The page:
How to once again explain gun violence to kids after Sutherland Springs shooting

On Oct. 2, just a little more than a month ago, I was writing about how to explain the Las Vegas shooting to kids. Now, we have another shooting to talk about. This one at  First Baptist Church of Sutherland Springs feels much closer to home. It’s just outside of San Antonio, just a little more than an hour away. And it’s in a house of worship, a place many of us go to seek comfort, where we bring our children to help them develop a moral compass.

 

Mona Rodriguez holds her 12-year-old son, J Anthony Hernandez, during a candlelight vigil after a mass shooting at the First Baptist Church in Sutherland Springs, Texas, on Sunday. NICK WAGNER / AMERICAN-STATESMAN

Last month, Jane Ripperger-Suhler, a child psychiatrist at Seton’s Texas Child Study Center, had this advice for parents about how much we should say about a shooting such as the one in Las Vegas or the one in Sutherland Springs.

We need to be careful about who is watching with TV with us and how we explain it.

“It really depends on the developmental level of the kids,” she says. Consider how you think your child will take what they see on TV, she says. “I wouldn’t watch a lot with preschooler.”

For kids already in school, you can watch some with them, but be prepared to talk about it and answer their questions. You can ask things like: “What do you think about this?” “What questions do you have?” Gage if they want to talk about it, but, she says, “I wouldn’t force them to talk about this.”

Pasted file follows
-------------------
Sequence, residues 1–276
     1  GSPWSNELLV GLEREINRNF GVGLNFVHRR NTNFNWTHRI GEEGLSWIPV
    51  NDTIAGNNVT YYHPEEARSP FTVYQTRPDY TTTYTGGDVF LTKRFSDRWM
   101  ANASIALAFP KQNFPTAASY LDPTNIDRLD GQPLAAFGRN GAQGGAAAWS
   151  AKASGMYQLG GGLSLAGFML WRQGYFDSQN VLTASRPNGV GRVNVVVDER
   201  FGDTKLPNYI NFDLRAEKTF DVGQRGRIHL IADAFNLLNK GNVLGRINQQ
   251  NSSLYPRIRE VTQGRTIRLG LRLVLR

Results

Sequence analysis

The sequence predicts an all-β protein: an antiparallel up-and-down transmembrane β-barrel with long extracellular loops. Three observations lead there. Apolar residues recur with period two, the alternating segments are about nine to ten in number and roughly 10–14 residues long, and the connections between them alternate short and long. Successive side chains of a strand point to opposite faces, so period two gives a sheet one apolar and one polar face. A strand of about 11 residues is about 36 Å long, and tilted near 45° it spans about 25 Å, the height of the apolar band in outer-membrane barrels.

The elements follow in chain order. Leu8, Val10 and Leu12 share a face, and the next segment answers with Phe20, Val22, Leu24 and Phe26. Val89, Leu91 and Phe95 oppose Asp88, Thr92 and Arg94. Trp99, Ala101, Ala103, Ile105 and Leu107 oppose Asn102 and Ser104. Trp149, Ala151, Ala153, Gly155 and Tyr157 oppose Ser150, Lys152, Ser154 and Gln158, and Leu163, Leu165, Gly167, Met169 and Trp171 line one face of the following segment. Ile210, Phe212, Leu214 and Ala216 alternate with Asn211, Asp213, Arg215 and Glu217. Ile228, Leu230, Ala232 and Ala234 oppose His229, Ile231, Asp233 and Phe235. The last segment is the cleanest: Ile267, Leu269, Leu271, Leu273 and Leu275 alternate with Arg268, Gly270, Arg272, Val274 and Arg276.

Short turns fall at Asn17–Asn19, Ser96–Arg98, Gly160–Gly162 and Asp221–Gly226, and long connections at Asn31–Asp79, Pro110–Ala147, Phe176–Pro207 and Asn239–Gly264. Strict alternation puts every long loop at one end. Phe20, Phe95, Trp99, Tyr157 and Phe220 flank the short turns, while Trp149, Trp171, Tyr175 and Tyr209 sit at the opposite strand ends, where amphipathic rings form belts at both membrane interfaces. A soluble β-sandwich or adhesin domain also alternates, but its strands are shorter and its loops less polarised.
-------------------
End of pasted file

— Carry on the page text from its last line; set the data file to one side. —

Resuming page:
Dr. Jane Ripperger-Suhler is a child and adolescent psychiatrist at Texas Child Study Center.

Explain things in the simplest yet factual way you can. You could say “A man shot some people at a concert. I guess he was upset about something,” she says. Or in this case: “A man walked into a church and shot people.”

You can focus on how you are feeling, that you’re upset and that you also don’t understand why this happened, but be careful about how you are reacting. “If a parent swoons or becomes frantic, a child is going to do likewise.”

Most importantly, remind kids that they are safe; that you will keep them safe, and when they are at school, their teachers will keep them safe.

If your child seems to be fixated on what happened in these shootings, you could encourage them to draw, build something or act something out, if they don’t want to talk about it.

If they don’t seem to be able to move on after a few days, are afraid to go to school, are too scared to go to bed, are having physical symptoms of stress or behavior problems, get them help sooner rather than later, Ripperger-Suhler says.

Be especially aware if a child has experience a trauma before. Watching this scene on TV will not cause post-traumatic stress disorder, she says, but it can be more traumatic and disturbing to some kids.

Ripperger-Suhler says it’s important to go about normal life. And that normal life means going to church on a Sunday.

If your child expresses some fear about it, reassure them that you will keep them safe.